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Yuck—Roundup Everywhere

Yuck - Roundup Everywhere

Published by The Daily Tonic

No matter how hard we try, we can’t get away from Monsanto’s Roundup. The weedkiller is everywhere and just keeps making headlines. Here  is the latest news on Roundup, and why does it matter? Let’s dive in.

Even though we have talked about Roundup a few times in the past, let’s do a quick bullet-point recap to provide some background for today’s piece. Roundup is a popular weedkiller with both small-scale residential and large-scale agricultural applications. This stuff is sprayed on lawns and crops. The main ingredient in Roundup is glyphosate, a chemical tied to cancer in numerous studies and lawsuits. A recent review of several studies concluded that exposure to glyphosate increased cancer risk by a staggering 41%. I’m no statistician (writers are just people who can’t do math), but that seems like a pretty significant increase in cancer risk.

Over the past few decades, glyphosate has found its way into more of the foods we eat because it is really good at doing its job. Some of the most common crops we grow here in the U.S. have been genetically modified to be glyphosate-resistant, allowing food growers to liberally use the chemical on their fields without any concern for it impacting their yield. Those crops are then used as ingredients for our foods, put up on grocery shelves, and just like that, glyphosate has become an unintentional staple of the Standard American Diet (SAD, so sad).

This brings us to the latest news regarding this cancer-causing chemical. According to a recent analysis just this year, the CDC found glyphosate in 80% of urine samples when testing a group of Americans representative of the U.S. population. Almost a third of the participants were children ages 6-18. Again, not a math whiz here, but 80% seems a bit jarring. Remember, researchers have said there is a “compelling link” between this chemical and an increased risk for non-Hodgkin lymphoma. So why is it still perfectly legal to spray our crops with this harmful chemical? That’s a great question we don’t have a great answer for, so we’ll have to dive into that another time. In short, it might have something to do with Monsanto, which is now owned by the pharmaceutical giant Bayer, which has really deep pockets and a ton of influence.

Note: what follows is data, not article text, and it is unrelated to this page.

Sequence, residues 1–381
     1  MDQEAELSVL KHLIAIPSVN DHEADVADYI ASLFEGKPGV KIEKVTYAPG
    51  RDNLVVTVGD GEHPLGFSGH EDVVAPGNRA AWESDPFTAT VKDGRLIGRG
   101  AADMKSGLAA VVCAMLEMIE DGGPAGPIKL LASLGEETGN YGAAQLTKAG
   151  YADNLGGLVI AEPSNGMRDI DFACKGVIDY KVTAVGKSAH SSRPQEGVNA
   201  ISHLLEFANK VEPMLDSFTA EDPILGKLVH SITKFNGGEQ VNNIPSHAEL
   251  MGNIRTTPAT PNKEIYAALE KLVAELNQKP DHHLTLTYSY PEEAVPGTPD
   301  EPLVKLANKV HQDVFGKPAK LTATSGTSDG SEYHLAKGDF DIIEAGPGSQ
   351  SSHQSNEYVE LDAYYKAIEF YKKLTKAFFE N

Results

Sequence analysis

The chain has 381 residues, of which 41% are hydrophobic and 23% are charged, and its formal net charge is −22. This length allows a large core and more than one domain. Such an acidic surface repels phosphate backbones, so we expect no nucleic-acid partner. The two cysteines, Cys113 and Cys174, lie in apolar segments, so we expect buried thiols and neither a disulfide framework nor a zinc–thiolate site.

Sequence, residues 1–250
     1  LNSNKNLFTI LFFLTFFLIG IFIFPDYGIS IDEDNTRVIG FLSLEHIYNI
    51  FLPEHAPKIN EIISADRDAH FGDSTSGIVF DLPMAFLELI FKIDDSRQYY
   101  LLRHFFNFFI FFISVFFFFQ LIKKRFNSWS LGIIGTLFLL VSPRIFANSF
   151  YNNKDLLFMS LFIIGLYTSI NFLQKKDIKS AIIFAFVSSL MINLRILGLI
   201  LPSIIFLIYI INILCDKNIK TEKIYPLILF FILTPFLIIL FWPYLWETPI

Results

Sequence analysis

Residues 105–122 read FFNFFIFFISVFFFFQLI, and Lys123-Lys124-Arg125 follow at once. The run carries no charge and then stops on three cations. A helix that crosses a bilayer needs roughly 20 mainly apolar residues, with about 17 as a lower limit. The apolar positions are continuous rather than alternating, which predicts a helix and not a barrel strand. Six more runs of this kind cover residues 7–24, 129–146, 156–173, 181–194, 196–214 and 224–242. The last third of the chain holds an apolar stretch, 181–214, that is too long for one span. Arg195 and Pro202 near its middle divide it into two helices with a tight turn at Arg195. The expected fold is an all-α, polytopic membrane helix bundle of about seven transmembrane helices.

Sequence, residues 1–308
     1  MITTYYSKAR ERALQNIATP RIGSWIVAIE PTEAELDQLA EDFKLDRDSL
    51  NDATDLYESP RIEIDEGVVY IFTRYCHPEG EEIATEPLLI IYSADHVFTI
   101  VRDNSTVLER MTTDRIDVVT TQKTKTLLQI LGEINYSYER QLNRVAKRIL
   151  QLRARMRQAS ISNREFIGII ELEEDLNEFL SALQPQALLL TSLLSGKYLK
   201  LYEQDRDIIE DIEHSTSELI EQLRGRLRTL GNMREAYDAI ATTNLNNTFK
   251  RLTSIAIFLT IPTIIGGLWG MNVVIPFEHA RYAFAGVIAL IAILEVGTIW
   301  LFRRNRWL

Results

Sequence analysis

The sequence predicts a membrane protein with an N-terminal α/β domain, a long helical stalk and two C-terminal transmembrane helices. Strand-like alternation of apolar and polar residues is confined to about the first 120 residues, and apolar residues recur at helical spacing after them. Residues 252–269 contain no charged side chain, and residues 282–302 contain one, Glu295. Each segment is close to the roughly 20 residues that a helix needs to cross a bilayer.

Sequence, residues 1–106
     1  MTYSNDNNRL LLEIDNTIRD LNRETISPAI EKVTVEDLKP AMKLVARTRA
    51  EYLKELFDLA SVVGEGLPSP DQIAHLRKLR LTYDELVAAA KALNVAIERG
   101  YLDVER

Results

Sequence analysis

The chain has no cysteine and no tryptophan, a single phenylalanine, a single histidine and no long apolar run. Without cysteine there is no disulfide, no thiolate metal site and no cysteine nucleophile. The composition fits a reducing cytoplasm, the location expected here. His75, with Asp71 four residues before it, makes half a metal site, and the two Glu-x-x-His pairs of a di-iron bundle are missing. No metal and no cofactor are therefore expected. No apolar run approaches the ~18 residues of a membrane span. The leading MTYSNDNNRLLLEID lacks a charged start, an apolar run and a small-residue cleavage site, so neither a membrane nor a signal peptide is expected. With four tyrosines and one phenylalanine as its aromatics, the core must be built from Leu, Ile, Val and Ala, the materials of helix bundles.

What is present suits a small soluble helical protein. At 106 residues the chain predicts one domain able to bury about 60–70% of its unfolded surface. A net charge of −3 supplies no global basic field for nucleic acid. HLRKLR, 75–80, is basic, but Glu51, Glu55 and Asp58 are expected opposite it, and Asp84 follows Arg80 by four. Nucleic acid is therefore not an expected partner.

The key takeaway? The fact that glyphosate was found in 80% of urine samples does not necessarily mean that 80% of Americans have an increased risk of cancer. Based on the CDC report, it is unclear how much glyphosate was in these urine samples and whether those levels of exposure are over the threshold where the increased cancer risk becomes significant. It could be that most of that 80% is made up of tiny trace amounts of glyphosate exposure that are relatively harmless. That would be the best-case scenario.

The best thing you can do? Shop for organic produce, choose non-GMO foods when possible, and avoid processed junk made out of corn, wheat, and soy if you want to limit your exposure to glyphosate.